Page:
Last Updated on February 4, 2024 by Anastasia
Annual and financial reports help to explain your company’s performance, attract potential investors, and are often legally required.
Having an insight into the company’s situation is important to various stakeholders – executive board, management, investors, partners, and employees. Therefore, it is worth creating informative but at the same time memorable reports that are easy to read and understand.
We are approaching the end of the year when almost every business evaluates its results and goals’ achievements of the past 12 months and sets expectations for the new period.
Reports full of data and analysis are typically difficult to digest by non-financial audiences. Any manager, who prepares an annual or financial report knows the pain. It might be challenging, time-consuming, and stressful. But maybe there is a way to make the process easier? If you want to disclose your annual numbers simply and understandably to your key stakeholders, use ready-made, structured, and editable templates that will help you present your data in an eye-catching and attractive format.
During my corporate life, I used to present results and achievements to the executives at board meetings or to employees at town hall gatherings. Each time, I tailored my messages to resonate with them. I always took 2 elements into consideration – content and format. Let me give you some hints from my experience, which can help you create the perfect report.
Content – organize information in your financial reports effectively
Provide a brief overview to summarize the main findings, conclusions, and recommendations. It is the first thing your readers will see, and it may be the only thing they read. Therefore, it is important to write an executive summary that captures the essence and value of your report. It should be concise, clear, compelling, and powerful.
Business performance section
Integrate non-financial information, such as market conditions and operational challenges, to comprehensively view the business environment. Outline the status of your company in brief, provide key business snapshots, address major accomplishments, summarize milestones and, if possible, address ESG issues.
Financial overview section
Present your income statement, balance sheet, cash flow statement, and relevant financial metrics and KPIs. Go beyond raw numbers by offering insightful analysis and explanations, helping your audience to understand the meaning and implications of financial data. Provide historical context to highlight trends and changes over time, aiding in a deeper understanding of financial performance.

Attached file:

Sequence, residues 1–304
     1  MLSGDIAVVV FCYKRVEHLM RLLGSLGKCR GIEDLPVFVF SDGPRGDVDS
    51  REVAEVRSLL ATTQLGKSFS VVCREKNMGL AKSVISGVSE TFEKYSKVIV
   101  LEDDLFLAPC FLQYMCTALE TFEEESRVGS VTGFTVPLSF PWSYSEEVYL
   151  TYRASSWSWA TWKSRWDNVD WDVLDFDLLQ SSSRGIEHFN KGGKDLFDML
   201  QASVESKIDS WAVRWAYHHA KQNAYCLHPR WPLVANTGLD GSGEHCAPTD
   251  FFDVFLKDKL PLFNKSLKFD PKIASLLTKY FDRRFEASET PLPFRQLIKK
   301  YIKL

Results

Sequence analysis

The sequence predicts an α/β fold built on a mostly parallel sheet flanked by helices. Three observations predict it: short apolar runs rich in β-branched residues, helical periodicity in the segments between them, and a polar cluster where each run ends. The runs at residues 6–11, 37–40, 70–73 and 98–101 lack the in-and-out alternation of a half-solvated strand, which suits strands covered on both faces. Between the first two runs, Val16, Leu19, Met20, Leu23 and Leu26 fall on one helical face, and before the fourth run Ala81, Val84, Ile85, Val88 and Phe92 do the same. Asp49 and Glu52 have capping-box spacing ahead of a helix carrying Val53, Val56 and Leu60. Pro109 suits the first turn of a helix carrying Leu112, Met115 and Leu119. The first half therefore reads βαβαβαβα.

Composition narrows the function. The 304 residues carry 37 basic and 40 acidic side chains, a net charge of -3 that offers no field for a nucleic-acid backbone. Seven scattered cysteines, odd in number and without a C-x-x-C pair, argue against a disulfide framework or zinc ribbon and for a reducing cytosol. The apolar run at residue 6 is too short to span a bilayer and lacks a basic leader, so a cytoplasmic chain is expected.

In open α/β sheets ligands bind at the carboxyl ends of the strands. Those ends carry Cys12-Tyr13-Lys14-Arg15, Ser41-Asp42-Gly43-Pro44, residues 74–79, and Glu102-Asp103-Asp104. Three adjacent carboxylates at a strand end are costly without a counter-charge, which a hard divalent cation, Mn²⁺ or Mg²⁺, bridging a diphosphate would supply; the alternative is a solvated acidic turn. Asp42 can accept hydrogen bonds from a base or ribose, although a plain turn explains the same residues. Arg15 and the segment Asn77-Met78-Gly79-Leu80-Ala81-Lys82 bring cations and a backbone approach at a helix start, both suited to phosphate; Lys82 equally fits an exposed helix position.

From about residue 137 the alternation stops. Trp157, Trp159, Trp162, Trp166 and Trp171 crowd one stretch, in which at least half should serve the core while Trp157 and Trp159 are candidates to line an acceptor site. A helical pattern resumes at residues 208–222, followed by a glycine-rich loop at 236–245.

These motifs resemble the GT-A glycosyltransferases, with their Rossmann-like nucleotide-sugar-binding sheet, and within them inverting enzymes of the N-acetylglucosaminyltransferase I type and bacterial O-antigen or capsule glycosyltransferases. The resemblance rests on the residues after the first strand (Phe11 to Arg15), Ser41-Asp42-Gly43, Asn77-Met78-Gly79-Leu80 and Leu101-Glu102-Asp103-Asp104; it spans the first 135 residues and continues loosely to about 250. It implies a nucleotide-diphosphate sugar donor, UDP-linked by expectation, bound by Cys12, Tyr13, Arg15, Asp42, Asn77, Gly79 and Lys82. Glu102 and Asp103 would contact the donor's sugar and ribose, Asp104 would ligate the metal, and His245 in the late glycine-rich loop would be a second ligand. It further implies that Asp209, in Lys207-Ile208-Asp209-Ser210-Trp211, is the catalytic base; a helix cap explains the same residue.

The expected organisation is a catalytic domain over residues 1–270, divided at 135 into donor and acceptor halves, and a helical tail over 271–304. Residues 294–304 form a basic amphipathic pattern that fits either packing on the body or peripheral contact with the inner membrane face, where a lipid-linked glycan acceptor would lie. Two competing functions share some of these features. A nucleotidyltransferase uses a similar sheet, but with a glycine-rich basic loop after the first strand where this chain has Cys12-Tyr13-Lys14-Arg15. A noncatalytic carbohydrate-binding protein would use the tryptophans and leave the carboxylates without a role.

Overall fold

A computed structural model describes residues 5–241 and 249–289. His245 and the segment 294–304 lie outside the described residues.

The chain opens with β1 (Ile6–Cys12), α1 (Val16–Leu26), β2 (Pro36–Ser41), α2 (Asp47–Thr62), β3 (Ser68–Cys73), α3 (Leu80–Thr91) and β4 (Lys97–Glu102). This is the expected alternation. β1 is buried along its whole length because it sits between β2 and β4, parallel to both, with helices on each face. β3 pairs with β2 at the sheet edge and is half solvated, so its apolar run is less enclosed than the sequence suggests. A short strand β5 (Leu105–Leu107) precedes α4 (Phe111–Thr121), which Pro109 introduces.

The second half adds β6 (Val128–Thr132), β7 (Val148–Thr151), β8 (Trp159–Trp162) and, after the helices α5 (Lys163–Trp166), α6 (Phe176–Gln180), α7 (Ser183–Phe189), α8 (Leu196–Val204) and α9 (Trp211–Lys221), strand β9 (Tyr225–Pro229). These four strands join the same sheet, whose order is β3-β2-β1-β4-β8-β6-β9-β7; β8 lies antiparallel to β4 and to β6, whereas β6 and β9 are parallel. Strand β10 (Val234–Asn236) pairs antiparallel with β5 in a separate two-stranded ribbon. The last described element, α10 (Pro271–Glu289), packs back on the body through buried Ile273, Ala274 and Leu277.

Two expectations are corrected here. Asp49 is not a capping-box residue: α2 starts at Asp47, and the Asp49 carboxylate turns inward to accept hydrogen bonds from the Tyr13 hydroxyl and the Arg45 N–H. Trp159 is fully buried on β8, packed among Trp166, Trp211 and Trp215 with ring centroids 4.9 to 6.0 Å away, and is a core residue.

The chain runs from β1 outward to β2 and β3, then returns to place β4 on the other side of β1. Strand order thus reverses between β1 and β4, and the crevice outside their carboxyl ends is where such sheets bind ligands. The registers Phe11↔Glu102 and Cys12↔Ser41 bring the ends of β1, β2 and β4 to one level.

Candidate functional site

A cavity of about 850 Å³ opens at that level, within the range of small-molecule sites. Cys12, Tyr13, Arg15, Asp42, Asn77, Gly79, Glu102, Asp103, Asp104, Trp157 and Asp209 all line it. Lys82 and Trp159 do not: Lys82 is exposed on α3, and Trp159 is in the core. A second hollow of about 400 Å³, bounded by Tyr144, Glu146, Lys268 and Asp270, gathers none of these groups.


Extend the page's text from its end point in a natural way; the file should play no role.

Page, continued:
Offer forecasts and future-oriented analysis to guide stakeholders on potential financial developments. Describe the expectations and focus areas with corresponding targets, strategies, and tactics.
Format – convey your information simply and engagingly!
Well-organized structure: a well-designed report is easier to read and follow. It has a clear order, a consistent format, and a logical flow. It uses headings, subheadings, bullet points, and white space to break up the text and highlight the key points. Have your audience in mind and guide them smoothly through your report.
Visuals and data: a comprehensive report contains charts, graphs, tables, dashboards, and images to present data and information visually. They allow you to provide additional information that is not possible with text alone. Visuals can help the audience grasp the main trends, patterns, and insights. Make sure that you label them clearly, and explain them in the text. Visuals are critical to the understanding of the data, but adding text with explanations and further details is equally important. Finding the balance between the two will create easy-to-read and more comfortable-to-understand reports.
Storytelling: you can use storytelling to turn your financial data and analysis into a compelling story that showcases your achievements, challenges, opportunities, and vision. Use anecdotes, testimonials, quotes, or case studies to illustrate your points. You can also use a hook, a climax, and a call to action to create interest and action.
Simplicity: overcomplicating your financial report can make it difficult to understand. Use simple language, avoid jargon, and focus on the most important data. No one wants to read an exhaustive list of all your accomplishments, focus on key points to convey the message.
Some of us, including myself, have participated in boring and unstructured presentations during which the speaker bombarded us with huge amounts of data on endless slides. Let’s try to make our annual or financial reports comprehensive and memorable. Remember about the content and format. An additional element of a successful presentation is thorough preparation and ensuring that you craft your message toward your audience and its needs.
Good luck with creating engaging annual and financial reports!
If you’re looking for more inspiration and examples of illustrated report-related presentations, have a look at the following resources:
- 7 templates for informative & powerful financial presentations
- How to draw attention to the main message
- Design examples of presenting annual budget proposals in PowerPoint
- Consistency hints to avoid messy slide look
- 10 slide ideas for financial report presentation
- How to prepare an impactful ESG sustainability report
Author: Katarzyna Podlejska, Independent Business Consultant